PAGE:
Toward A Better Understanding of Muslim Sectarian Division (Part VIII)

Abbas Kadhim, Ph.D.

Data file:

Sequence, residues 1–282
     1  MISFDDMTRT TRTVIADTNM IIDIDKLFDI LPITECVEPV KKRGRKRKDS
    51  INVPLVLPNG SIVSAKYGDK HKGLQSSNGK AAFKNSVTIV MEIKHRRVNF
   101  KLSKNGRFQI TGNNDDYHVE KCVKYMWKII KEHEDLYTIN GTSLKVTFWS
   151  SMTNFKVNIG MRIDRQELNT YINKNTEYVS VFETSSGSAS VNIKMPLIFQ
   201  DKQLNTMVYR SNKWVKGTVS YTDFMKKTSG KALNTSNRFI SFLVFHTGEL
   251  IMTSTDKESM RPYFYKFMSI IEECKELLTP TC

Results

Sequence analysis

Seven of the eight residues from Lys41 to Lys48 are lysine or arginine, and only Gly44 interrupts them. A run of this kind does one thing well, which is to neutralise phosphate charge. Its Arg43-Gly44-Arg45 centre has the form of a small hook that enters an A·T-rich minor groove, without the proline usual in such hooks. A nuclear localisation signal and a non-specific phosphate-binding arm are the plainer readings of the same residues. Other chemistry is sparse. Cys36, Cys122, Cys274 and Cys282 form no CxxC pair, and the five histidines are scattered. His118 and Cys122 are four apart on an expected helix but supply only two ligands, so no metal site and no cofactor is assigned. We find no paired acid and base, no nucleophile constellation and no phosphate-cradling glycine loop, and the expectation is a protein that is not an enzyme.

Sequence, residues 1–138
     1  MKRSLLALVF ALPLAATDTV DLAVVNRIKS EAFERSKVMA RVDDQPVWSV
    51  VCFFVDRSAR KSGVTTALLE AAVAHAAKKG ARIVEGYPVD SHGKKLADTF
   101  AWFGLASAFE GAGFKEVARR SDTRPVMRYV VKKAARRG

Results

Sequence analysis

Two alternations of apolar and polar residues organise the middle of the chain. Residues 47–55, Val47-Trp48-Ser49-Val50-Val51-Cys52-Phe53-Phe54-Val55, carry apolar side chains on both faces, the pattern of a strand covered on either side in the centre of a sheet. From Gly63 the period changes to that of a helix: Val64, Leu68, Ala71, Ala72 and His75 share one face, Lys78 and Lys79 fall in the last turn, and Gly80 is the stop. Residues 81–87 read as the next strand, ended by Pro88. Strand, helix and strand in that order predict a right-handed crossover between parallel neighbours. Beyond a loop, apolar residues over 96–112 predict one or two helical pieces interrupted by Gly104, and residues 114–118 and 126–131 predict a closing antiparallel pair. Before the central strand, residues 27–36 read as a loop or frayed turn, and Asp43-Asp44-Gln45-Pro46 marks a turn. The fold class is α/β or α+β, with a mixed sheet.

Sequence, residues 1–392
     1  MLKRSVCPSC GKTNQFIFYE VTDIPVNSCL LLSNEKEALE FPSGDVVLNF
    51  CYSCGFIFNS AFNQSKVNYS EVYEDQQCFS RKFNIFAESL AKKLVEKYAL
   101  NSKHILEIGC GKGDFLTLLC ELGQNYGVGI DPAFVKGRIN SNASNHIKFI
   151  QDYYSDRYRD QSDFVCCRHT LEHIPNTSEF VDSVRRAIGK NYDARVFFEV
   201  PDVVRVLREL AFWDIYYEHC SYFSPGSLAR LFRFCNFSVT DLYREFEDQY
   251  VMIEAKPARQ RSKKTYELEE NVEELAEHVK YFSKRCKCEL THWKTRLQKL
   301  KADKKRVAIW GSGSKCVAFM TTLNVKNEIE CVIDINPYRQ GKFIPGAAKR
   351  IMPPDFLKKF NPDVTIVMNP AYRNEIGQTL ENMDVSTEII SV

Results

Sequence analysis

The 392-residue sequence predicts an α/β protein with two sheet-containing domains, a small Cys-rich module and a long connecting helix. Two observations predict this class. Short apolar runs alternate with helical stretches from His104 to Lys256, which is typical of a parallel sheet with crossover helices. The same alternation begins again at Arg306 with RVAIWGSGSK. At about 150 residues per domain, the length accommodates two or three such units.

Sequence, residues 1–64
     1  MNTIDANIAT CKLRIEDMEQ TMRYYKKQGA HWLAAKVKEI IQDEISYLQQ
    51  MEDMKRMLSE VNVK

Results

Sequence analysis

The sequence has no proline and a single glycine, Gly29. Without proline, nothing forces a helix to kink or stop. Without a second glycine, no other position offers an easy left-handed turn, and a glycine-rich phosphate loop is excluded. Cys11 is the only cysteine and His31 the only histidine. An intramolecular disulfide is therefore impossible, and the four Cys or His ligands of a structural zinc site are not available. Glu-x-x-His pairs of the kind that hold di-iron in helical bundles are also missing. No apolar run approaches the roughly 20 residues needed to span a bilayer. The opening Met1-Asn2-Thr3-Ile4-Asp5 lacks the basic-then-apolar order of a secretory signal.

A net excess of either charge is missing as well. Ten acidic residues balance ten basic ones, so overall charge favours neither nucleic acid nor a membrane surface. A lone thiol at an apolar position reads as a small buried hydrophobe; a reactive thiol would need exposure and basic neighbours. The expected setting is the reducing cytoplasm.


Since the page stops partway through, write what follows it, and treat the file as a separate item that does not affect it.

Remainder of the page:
المسجد النبويThe primary doctrine of Islam is unity, under the guidance of Allah’s commands and the guidance of rightful rulers.  Divergence and dissension are forbidden emphatically.  The Qur’anic verse 3:103, “And hold firmly, all together, the rope which Allah (stretches out for you), and be not divided among yourselves; and remember Allah’s favor on you, for you were enemies and He joined your hearts in love, so that by His Grace you became brethren”, contains a command that Muslims be united and, for more emphasis, it is followed by a prohibition of division and rivalry.  Then, it describes the progress that has been made by the transition from pre-Islamic Jahiliyya to Islam.  It was a transition from animosity and malice to brotherhood and harmony.  The catalyst for that positive transition was Allah’s Grace.  To maintain this harmony, there must be another catalyst: total obedience to religious and political authority, which was equated with, and derived from, the obedience to the Divine: “O Believers!  Obey Allah and obey the Messenger and those charged with authority among you; if you have a dispute about anything, refer it to Allah and the Messenger, if you believe in Allah and the Last Day; that is best and most suitable for a final interpretation.” (Qur’an 4:59)  The Qur’an mandates total obedience to the source of authority, Allah, and the holders of authority, the Prophet and other legitimate rulers (Uli al-Amr).  Yet, in the event of a dispute, Allah and the Prophet are the final arbiters, according to the verse.  The rulers are omitted to deny them any role in a final arbitration.  It is also inferred that the rulers are included in the mandate to refer to Allah and the Prophet, just like the ruled are mandated to do so.